Scots pine

Scots pine (Pinus sylvestris L.) has the widest natural distribution of any conifer in the world. It can be found from northern Scandinavia to Spain in the south and from Scotland across Europe and Asia to Siberia. Scots pine is a very strong tree that can grow on poor soil types, surviving where the rainfall is less than 200mm per year, and temperatures drop to arctic temperatures.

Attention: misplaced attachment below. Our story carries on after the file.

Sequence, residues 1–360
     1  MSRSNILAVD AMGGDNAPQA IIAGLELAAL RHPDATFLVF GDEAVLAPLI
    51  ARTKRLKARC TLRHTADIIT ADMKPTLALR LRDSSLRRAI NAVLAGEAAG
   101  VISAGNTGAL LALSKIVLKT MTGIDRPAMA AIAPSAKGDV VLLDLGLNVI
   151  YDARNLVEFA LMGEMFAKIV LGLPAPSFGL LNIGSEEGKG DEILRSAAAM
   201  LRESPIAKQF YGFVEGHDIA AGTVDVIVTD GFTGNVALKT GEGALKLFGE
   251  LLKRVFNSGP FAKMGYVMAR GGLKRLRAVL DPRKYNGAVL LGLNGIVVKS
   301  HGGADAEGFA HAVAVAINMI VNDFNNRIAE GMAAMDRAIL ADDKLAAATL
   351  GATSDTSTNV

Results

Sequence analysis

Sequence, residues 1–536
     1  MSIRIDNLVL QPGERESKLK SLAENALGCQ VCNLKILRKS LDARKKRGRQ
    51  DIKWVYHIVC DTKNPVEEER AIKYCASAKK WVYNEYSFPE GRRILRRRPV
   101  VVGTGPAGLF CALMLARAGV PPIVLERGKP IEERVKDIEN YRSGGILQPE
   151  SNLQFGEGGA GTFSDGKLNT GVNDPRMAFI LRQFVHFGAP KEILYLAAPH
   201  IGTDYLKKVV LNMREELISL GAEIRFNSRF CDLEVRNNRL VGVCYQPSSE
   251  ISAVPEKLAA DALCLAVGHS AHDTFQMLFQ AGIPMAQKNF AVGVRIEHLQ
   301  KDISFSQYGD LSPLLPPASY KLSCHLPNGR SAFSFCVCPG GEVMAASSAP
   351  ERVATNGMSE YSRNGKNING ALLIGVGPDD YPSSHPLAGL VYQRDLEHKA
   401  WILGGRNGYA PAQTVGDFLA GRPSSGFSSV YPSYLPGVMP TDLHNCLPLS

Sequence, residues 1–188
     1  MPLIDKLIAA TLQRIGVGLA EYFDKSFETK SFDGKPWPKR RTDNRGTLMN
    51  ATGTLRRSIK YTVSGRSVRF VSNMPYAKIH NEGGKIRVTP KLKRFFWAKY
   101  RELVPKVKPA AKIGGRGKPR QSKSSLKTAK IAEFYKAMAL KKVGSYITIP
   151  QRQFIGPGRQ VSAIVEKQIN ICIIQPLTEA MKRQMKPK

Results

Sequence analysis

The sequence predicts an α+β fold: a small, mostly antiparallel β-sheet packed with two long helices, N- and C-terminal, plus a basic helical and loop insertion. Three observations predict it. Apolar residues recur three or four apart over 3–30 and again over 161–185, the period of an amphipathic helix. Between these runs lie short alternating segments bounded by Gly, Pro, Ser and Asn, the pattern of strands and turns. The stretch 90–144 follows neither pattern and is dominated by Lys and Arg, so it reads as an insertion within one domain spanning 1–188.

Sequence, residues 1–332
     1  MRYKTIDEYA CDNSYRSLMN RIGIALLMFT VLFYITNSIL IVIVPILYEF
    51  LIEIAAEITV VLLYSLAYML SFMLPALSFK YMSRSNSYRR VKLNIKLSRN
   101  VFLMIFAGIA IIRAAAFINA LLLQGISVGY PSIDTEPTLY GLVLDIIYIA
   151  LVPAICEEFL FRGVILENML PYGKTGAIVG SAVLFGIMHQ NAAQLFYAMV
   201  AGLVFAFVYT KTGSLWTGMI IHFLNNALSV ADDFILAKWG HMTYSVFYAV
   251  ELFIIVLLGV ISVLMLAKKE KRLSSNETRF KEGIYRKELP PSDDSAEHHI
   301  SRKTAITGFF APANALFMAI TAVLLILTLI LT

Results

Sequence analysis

Scots pine is the only commercially useful coniferous tree that found its way into Britain at the end of the last Ice Age before the English Channel opened. In Scotland, pines were an important component of post-glacial natural forests (the so-called Great Wood of Caledon) which covered an estimated 70 per cent of the country. They were largely confined to the poorest soils, often occurring in association with birch and willows and alder on wet areas. Over the course of many centuries vast areas of the ancient pine forests were cleared, and pinewood regeneration was prevented by allowing the land to be grazed. At present only remnants of the pine forest survive scattered all over Scotland but their survival is secure through the efforts made during the past 40 years to preserve them and even stimulate natural regeneration.

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